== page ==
What about the Web Developer?
“If you think math is hard, try web design.”Trish Parr
Put simply, web developers are responsible for writing a website’s code.
Most high schools offer basic courses where students learn HTML fundamentals. Sometimes, these classes are even required electives for graduation. Computer programming and web design careers are so lucrative that they have made their way into grade school education.
Web developers also have a basic understanding of graphic design to ensure their websites look amazing. The current industry standard for website visuals is astronomically high, largely due to the accessibility of resources people have to create stunning graphics.
While important, functionality takes precedence over visuals regarding web developers’ priorities. Their ultimate goal is to create a seamless, easy user experience for each new website visitor.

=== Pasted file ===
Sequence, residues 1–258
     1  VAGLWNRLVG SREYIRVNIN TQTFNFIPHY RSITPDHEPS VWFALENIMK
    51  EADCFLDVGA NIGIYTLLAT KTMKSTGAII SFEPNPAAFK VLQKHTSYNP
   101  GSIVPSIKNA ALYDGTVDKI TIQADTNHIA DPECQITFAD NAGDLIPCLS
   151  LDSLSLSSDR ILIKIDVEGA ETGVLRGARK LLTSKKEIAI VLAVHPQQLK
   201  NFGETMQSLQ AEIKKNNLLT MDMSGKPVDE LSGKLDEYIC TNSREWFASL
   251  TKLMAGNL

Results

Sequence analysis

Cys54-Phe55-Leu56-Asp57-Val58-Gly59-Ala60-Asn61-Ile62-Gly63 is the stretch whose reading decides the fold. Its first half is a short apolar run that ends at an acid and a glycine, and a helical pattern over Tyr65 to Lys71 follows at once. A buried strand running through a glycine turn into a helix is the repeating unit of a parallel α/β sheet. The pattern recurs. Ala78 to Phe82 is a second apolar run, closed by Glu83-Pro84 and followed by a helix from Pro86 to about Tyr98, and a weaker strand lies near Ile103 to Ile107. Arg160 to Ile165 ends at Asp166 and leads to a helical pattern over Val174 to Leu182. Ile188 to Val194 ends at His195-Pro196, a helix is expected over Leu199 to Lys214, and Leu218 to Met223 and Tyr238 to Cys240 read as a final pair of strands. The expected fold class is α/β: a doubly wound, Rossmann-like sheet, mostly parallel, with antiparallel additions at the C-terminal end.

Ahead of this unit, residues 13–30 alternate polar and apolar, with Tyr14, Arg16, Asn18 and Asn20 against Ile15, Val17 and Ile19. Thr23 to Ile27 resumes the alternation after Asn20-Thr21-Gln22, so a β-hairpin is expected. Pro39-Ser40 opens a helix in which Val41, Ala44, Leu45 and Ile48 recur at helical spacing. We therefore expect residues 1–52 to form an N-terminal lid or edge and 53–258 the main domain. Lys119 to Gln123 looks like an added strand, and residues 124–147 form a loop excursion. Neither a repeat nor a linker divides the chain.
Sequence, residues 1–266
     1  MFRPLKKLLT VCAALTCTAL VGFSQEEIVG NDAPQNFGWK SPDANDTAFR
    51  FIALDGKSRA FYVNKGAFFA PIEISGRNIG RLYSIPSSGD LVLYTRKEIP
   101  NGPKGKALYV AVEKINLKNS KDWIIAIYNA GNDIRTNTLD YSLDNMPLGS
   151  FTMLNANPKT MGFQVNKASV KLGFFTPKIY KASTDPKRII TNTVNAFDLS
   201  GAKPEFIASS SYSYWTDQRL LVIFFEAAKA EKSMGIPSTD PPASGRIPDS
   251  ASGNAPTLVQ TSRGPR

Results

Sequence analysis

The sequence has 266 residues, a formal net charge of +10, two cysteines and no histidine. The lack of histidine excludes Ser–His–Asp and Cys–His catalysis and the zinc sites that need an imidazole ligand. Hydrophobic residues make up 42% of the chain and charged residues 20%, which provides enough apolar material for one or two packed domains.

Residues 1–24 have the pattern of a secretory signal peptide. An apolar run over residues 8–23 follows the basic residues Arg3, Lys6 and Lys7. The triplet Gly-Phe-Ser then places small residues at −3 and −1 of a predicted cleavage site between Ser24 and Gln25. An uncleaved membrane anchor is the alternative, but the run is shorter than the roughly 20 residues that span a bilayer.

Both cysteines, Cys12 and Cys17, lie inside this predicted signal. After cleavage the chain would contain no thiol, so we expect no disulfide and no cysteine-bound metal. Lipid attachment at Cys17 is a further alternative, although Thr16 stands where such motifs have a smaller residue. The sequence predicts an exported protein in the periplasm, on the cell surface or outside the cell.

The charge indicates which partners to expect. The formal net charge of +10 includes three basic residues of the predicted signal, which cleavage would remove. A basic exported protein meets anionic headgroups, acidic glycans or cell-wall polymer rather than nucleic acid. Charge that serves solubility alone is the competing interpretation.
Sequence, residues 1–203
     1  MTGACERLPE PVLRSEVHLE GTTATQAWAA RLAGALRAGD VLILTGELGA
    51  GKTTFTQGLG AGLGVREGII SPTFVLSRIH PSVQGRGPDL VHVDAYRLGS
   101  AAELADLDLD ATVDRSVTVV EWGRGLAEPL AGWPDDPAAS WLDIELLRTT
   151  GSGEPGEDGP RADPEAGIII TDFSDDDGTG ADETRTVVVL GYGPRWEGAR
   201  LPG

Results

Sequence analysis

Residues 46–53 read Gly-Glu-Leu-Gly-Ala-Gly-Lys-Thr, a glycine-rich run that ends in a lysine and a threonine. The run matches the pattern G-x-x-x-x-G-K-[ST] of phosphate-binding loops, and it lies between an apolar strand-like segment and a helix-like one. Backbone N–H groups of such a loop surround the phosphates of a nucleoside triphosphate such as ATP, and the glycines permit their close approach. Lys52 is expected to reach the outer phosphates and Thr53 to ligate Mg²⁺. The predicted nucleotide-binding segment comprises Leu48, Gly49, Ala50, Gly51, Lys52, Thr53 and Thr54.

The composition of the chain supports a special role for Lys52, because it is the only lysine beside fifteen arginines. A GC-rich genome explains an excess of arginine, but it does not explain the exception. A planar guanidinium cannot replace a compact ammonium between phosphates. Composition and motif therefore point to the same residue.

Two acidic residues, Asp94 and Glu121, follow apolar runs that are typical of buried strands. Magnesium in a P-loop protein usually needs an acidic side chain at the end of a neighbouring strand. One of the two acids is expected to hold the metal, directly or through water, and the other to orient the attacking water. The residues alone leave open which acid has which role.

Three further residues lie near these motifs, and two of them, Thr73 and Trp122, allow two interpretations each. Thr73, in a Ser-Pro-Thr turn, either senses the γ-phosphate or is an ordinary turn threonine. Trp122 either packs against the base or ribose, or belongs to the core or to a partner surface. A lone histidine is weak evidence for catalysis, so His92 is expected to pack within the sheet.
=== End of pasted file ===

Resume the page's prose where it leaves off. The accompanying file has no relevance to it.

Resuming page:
You have approximately 10 seconds to capture a website visitor’s attention.
If the website is laggy or looks “unprofessional,” a visitor will leave and never return. Expert web developers work hard to create fast websites that are aesthetically pleasing.
On average, a web developer makes approximately $77,000 annually.
Web Developer vs. Computer Programmer
Many people find themselves confused by the differences between web developers and computer programmers.
That’s understandable; the job descriptions look similar, especially if you do not understand the career paths. Web development and programming, or “software engineering,” if you want to sound fancy, certainly share many similarities.
Still, the differences are palpable.
Most web developers do not deal with the complexities of computer programmers’ software. Typically, they focus on writing and implementing code to create a fully-functional, aesthetically pleasing website.
Web developers and computer programmers may collaborate on projects, though. The two careers do overlap, just not in the way that most people would assume.
If you’re trying to decide whether you want to be a web developer or computer programmer, it all comes down to personal preference.
So many resources are available that can get you started in the field quickly, but it depends on your overall goals.